Global South unity can achieve climate justice - Hindustan Times
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Global South unity can achieve climate justice

BySameh Shoukry
Feb 14, 2023 12:00 PM IST

COP27 was a starting point for these crucial institutions to revise their priorities, and align and scale up funding. We will continue to urge MDBs to increase the deployment of climate finance three-fold until 2025

Almost 70 years ago at the peak of the Cold War, which split the world between two belligerent camps, Egypt and India came together to launch the Non-Aligned Movement with a view to bridging the divide and promoting peace and cooperation. Today, our two countries are working together again to address yet another existential threat: The climate crisis.

At COP27 in Sharm El Sheikh, the commitment demonstrated by all participants was a powerful reminder of what we can achieve when people representing diverse voices have a seat at the table and seek to turn ambition into action. (AFP) PREMIUM
At COP27 in Sharm El Sheikh, the commitment demonstrated by all participants was a powerful reminder of what we can achieve when people representing diverse voices have a seat at the table and seek to turn ambition into action. (AFP)

At COP27 in Sharm El Sheikh, the commitment demonstrated by all participants was a powerful reminder of what we can achieve when people representing diverse voices have a seat at the table and seek to turn ambition into action. Against a backdrop of ongoing interrelated energy, food, and financial crises, the grouping succeeded in delivering a meaningful mitigation programme and further reiterated the international community’s commitment to the targets elaborated at COP26.

Developing countries confirmed their commitment to ambitious and just climate action. India, for example, released its Long-Term Low Emission Development Strategy, articulating a framework of how the country proposes to meet its goals of achieving climate neutrality by 2070. Likewise, Egypt updated its Nationally Determined Contributions (NDCs) to include more ambitious targets. Despite the positive outcomes of COP27, the global climate regime still suffers from an absence of climate justice and equity — a pragmatic prerequisite. This regime is fragile, and the only way to ensure buy-in, and consequently, good faith contributions, is through demonstrating and nurturing equity.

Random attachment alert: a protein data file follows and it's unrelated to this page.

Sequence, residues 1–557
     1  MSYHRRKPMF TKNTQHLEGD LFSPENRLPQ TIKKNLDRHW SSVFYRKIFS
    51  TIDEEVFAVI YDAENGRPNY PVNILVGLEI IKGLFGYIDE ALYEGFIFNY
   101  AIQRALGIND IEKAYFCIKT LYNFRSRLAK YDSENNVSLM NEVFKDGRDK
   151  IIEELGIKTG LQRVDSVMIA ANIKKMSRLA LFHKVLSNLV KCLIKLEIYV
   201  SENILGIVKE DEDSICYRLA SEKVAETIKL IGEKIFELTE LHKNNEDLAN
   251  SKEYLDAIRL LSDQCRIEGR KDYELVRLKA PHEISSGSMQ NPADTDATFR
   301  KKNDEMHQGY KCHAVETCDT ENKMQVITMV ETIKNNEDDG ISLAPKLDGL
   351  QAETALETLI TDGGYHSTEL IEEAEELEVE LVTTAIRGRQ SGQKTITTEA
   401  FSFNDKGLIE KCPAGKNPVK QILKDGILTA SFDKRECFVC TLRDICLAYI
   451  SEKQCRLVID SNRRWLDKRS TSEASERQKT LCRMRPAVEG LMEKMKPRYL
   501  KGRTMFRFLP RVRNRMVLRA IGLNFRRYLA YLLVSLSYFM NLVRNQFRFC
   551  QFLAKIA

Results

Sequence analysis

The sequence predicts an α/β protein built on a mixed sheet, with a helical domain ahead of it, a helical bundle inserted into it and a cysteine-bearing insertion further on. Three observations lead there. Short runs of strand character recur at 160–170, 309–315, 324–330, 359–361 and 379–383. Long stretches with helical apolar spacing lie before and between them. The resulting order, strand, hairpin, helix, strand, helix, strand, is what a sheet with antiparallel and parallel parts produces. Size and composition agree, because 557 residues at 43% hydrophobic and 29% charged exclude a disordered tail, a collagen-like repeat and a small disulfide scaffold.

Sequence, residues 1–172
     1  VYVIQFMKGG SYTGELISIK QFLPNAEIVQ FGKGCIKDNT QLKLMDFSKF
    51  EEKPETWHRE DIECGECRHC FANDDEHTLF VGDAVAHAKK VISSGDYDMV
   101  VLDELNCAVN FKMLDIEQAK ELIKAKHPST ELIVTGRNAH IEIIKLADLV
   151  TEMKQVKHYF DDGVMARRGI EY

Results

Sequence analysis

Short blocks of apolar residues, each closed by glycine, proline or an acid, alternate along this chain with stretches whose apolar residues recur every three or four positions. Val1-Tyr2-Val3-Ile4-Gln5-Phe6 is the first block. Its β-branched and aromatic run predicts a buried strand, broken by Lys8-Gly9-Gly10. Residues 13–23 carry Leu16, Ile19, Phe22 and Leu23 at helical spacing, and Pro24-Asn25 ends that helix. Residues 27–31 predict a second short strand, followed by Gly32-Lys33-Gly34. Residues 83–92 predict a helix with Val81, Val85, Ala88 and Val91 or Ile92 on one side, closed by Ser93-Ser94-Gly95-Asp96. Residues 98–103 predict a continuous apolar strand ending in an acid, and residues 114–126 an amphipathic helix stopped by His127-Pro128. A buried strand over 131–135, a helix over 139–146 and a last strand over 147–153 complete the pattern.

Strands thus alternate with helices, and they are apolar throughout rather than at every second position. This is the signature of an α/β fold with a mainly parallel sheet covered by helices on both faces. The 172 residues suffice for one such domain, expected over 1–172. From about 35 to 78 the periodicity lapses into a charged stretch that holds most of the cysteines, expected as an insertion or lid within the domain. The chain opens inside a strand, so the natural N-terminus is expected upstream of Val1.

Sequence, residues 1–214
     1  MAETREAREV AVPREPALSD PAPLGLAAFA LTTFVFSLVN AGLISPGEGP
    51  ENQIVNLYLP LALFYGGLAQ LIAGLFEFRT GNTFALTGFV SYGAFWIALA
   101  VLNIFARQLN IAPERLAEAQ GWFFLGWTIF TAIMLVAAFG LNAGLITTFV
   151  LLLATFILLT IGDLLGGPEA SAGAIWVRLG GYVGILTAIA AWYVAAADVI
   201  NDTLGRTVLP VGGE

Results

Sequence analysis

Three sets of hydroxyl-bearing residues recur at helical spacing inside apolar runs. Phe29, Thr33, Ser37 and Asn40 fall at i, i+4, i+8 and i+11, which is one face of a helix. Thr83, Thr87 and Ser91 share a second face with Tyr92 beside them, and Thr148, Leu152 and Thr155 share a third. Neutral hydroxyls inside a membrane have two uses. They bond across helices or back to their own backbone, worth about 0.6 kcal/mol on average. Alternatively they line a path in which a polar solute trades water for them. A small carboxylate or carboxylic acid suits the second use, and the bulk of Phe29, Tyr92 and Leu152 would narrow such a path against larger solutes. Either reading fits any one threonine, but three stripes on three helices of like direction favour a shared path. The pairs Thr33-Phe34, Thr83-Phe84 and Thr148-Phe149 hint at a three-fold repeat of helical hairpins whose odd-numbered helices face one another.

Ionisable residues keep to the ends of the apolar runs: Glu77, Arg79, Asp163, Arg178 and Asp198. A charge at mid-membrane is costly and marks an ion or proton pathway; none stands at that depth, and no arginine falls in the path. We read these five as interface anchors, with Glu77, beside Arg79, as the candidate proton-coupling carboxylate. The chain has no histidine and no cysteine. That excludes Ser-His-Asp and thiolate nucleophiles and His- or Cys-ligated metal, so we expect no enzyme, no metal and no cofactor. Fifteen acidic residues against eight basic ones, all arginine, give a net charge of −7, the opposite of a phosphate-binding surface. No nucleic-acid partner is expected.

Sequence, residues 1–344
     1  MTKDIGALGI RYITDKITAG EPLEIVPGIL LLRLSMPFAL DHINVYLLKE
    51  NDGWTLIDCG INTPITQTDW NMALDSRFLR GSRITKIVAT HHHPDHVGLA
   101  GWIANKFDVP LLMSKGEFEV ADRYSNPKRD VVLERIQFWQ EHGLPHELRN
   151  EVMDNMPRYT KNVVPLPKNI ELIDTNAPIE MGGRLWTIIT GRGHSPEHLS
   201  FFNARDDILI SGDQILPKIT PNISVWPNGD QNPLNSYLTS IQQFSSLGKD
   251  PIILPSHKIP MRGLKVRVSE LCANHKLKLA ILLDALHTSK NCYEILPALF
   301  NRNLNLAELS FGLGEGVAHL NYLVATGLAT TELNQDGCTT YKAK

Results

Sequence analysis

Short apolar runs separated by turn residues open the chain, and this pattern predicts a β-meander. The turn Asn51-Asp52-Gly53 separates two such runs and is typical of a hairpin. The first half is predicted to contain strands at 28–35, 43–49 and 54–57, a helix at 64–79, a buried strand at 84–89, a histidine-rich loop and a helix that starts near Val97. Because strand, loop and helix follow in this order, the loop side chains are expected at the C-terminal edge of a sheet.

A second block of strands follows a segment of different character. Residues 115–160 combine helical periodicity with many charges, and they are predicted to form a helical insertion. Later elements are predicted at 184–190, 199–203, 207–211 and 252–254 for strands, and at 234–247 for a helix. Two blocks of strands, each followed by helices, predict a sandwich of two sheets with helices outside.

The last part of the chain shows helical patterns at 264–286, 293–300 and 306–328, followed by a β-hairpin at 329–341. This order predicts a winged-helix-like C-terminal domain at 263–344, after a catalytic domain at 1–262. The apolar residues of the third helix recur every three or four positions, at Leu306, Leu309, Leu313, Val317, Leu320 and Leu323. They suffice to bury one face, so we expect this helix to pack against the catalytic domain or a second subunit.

To achieve this, both sides of the equation, action and support, must receive equal attention. Calls for increased ambition in reducing emissions by all countries must be matched by developed countries’ provision of financial and other support to developing countries. Regrettably, developed countries have not delivered on the minimum requirement of $100 billion in climate finance annually. The lack of climate finance will continue to be the biggest challenge facing our efforts. Those who contributed the least to the current crisis will find it difficult to continue to fund their actions out of already stretched national budgets.

Both India and Egypt know about the devastation that the climate crisis can cause. India has experienced droughts, floods, heatwaves, and unpredictable monsoons, while Egypt faces challenges due to rising sea levels, desertification, and land degradation. For this reason, the Egyptian presidency of COP27 worked with all parties to adopt – in a historic first – new funding arrangements for Loss and Damage, assisting developing countries particularly vulnerable to the adverse effects of the climate crisis.

This breakthrough progress made international headlines, rightly so, for it represents a step towards restoring climate justice. It gave hope to the millions suffering on the frontlines of the climate crisis, rebuilt trust in the process of the United Nations Framework Convention on Climate Change (UNFCCC), and proved that multilateralism can deliver an equitable outcome for those who need it most.

But this is not enough. The need to transform the financial system, primarily Multilateral Development Banks (MDBs) and International Financial Institutions, is intrinsically linked to delivering greater results. COP27 was a starting point for these crucial institutions to revise their priorities, and align and scale up funding. We will continue to urge MDBs to increase the deployment of climate finance three-fold until 2025. This includes a full suite of instruments from grants to guarantees and non-debt instruments, without exacerbating debt burdens.

Simply demanding more ambition in emissions reduction, calling for updating of the NDCs, and insisting on the phasing out or down of fossil fuels won’t lead to the desired results, unless there is adequate financial support, to enable a just transition. Without addressing climate finance issues, our efforts on mitigation and adaptation will keep falling short. Despite the many challenges we face, the Paris temperature goal must not be allowed to fade. At COP27, we upheld the decisions adopted at COP26, while sending a clear message to all parties that current global challenges should not be a pretext for backsliding on commitments. The desire to adhere to this was reflected unambiguously in the Sharm El Sheikh Implementation Plan.

Our success in this fight will require every nation to rise to the occasion, acknowledge the science, and adhere to the principles governing our collective efforts.

COP27 may be over but the work goes on. The decisions have been unanimously adopted, promises have been made, and pledges have been announced. This year, India as president of G20, can ensure that we not only stay the course for implementation, but continue to raise our climate ambition ahead of COP28 in the United Arab Emirates.

Sameh Shoukry is Minister of Foreign Affairs of the Arab Republic of Egypt and COP27 President.

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